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Kids ski school- instruction or guides?

 Poster: A snowHead
Poster: A snowHead
Just come back from a great week in val d’isere where our 11 year old son was in ski school with Oxygene. He was in their 3rd ski group, able to ski reds but still working on his parallel turns.

Ski school this year seemed to just be guiding a group of kids around the mountain. There were no drills or any kind of instruction until I complained, and the view seemed to be that we should pay for private lessons if we wanted our son to have instruction.

When I was in ski school, 30 odd years ago, a significant part of each session would be spent on drills. Looking around the mountain, the ESF seemed to be drilling their students, but I didn’t see many other group lessons actually teaching drills etc.

Is this the new way of teaching or have we had a lazy instructor?
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 Obviously A snowHead isn't a real person
Obviously A snowHead isn't a real person
lower wrote:
When I was in ski school, 30 odd years ago, a significant part of each session would be spent on drills.

Were you 11 at the time?
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 Well, the person's real but it's just a made up name, see?
Well, the person's real but it's just a made up name, see?
When my Kids were around that age (in Val D'Isere as it happens) - or maybe a little younger - there was a mixture of skiing about and instruction. This was with either Evo 2 or through Snow Fun's English office. The problem with the group lessons, was the class was made up with whoever was about, as they struggled to make up a class....which meant that after a year or two, they learned nothing new. At this point we went with Private lessons.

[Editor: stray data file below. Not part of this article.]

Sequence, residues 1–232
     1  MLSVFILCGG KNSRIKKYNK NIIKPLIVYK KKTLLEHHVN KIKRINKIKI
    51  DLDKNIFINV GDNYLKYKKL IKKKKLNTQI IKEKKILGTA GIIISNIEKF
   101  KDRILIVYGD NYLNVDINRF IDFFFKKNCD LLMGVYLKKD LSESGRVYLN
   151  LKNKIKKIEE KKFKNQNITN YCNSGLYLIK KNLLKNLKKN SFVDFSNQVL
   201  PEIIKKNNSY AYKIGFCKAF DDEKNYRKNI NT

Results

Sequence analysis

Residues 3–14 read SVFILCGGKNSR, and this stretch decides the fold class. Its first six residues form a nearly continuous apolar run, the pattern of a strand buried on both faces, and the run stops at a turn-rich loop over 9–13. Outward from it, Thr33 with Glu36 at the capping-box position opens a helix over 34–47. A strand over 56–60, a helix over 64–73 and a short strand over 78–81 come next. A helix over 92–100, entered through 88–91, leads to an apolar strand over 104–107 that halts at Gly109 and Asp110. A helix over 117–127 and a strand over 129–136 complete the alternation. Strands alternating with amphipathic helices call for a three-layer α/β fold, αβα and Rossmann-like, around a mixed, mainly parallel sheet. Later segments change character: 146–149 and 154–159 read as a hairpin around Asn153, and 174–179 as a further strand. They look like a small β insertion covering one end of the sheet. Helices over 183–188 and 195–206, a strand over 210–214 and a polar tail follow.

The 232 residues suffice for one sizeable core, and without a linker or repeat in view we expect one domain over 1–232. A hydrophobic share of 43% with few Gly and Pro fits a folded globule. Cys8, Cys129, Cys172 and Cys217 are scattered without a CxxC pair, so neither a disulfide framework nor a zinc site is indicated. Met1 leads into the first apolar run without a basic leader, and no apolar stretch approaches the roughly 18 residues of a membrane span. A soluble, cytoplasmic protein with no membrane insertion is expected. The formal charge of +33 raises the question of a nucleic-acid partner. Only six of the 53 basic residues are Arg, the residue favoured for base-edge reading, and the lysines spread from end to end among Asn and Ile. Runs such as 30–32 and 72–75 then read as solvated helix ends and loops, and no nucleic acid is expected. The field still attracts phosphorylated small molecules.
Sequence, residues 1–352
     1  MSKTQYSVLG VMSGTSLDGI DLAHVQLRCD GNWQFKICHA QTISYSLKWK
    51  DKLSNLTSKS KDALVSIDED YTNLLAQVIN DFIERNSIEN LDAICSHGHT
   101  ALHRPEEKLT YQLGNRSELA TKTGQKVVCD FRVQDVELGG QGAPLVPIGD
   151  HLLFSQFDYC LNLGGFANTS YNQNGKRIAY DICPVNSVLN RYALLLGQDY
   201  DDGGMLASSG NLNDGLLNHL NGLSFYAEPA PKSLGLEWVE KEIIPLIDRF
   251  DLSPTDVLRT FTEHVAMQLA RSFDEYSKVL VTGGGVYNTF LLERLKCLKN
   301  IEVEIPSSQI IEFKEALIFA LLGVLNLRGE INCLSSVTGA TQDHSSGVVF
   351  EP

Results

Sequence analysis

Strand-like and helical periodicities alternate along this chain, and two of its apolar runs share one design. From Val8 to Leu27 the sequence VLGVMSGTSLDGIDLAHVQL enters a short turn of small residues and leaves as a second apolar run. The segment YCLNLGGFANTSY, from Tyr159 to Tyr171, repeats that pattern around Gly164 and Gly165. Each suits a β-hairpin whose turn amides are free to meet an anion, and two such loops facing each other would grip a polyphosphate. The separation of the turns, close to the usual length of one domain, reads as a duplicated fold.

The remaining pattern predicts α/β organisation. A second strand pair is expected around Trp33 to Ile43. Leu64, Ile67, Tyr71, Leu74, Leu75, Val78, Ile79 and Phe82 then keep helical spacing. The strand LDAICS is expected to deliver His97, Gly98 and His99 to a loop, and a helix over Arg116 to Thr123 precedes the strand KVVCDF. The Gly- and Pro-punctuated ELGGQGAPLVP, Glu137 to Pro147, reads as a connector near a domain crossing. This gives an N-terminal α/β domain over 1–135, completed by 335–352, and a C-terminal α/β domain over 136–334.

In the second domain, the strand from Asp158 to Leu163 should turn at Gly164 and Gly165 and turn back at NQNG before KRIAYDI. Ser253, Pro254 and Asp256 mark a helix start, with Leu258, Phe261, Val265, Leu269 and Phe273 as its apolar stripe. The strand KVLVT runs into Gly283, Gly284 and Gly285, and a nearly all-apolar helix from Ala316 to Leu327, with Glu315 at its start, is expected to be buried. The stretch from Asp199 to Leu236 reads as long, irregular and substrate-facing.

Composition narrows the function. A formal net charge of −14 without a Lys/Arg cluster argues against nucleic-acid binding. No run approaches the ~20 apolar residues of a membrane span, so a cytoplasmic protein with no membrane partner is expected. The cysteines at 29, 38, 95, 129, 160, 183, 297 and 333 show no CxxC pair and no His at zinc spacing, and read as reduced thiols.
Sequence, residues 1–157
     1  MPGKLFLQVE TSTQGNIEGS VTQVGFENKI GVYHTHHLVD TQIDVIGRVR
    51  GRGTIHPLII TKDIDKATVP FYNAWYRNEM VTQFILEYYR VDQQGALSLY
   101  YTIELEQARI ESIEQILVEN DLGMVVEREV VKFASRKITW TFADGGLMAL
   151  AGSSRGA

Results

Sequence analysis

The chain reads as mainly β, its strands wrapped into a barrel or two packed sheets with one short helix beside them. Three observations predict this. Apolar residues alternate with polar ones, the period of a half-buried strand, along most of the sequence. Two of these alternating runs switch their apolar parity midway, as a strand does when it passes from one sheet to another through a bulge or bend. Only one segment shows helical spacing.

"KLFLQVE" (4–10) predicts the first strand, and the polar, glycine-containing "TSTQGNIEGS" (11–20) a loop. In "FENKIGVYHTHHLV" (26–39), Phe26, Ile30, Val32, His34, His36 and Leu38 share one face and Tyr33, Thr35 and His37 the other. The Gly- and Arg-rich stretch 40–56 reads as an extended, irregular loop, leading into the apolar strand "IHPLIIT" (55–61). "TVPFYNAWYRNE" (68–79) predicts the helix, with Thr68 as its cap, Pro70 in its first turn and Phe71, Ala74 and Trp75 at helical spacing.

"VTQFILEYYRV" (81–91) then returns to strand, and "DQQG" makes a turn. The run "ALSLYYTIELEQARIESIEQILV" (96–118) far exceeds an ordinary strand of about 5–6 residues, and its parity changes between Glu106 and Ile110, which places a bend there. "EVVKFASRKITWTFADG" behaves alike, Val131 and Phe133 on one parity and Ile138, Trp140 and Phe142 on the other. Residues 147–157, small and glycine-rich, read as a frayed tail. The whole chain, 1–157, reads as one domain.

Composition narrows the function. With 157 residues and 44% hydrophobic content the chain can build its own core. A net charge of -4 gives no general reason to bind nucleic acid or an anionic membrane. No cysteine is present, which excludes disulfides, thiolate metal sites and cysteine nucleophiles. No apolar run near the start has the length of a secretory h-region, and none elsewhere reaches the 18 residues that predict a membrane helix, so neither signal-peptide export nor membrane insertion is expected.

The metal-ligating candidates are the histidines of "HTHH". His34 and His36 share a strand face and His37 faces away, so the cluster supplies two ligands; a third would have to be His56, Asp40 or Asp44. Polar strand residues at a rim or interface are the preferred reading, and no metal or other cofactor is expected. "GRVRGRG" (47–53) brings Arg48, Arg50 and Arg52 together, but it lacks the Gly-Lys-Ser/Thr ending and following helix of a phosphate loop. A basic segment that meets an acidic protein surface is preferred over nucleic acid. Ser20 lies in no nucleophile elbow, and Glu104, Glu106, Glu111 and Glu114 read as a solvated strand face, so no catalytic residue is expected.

This was over 20 years ago, so I can't comment on what currently happens....but I'd like to think there was some technical input going on.


Last edited by Well, the person's real but it's just a made up name, see? on Sun 13-02-22 20:09; edited 2 times in total
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Not exactly 30 years ago, but I was in ski school when I was 11.

To be clear, I don’t expect the whole of the lessons to be drills. Much of the lesson will be just skiing around the mountain having fun. But I did expect some tuition.
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 Anyway, snowHeads is much more fun if you do.
Anyway, snowHeads is much more fun if you do.
When I was with ESF on school trips late 80s, there were very few drills, just “follow me” (perhaps all leaning left/right in a snake). I maintain that’s why I’m a crap skier; bad habits baked in. Considering that was on 2.1m parallels and I’m now on 1.7m carvers, perhaps I should lay off the blame a bit…
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Kids learn differently from adults. They are much better visual learners than most adults. "Follow me" teaching actually works pretty well for a lot of kids. Take kids to interesting places, challenge them, make it fun. My heart breaks if I see kids doing loads of drills.

For example, if I want kids I'm teaching to get better at riding their toe edge, I don't spend edges doing toe edge drills. Kids hate that. They're bored, uncomfortable and they don't understand the point. Instead, I go places where we have to ride on our toe edge, go over a load of bumps on it, get them to try jumping on toeside. Before they even realise, they're good at riding toe edge. And they've had loads of fun. But it probably looked like we were just messing about.
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 Then you can post your own questions or snow reports...
Then you can post your own questions or snow reports...
I get the impression that the ESF has stricter criteria for advancement - certainly for localish kids. Our neighbours in Les Saisies (she was French, he was Canadian, lived in Geneva, three kids who had skied from tiny) insisted they did ski school with ESF each time and I remember one of the kids, about 11, being upset because she had failed for the second time to be promoted. She was, to my eyes, a pretty smart little skier, too, certainly heaps better than me. But not good enough, on the slalom, for the next class. I suspect a lot of British parents treat ski school as essentially child care, and would be cross if little whatsisname "failed" the week and didn't get promoted to a higher class the following year. I also suspect that lots of British kids, especially once they can ski better than their parents, which often doesn't take long, would learn more from closely following the track laid down by a skilled instructor than skiing with their parents. Older kids in my family, in French ski lessons, have been off piste, sometimes in some shocking weather, and done stuff that cautious, and probably not very competent, parents, wouldn't do.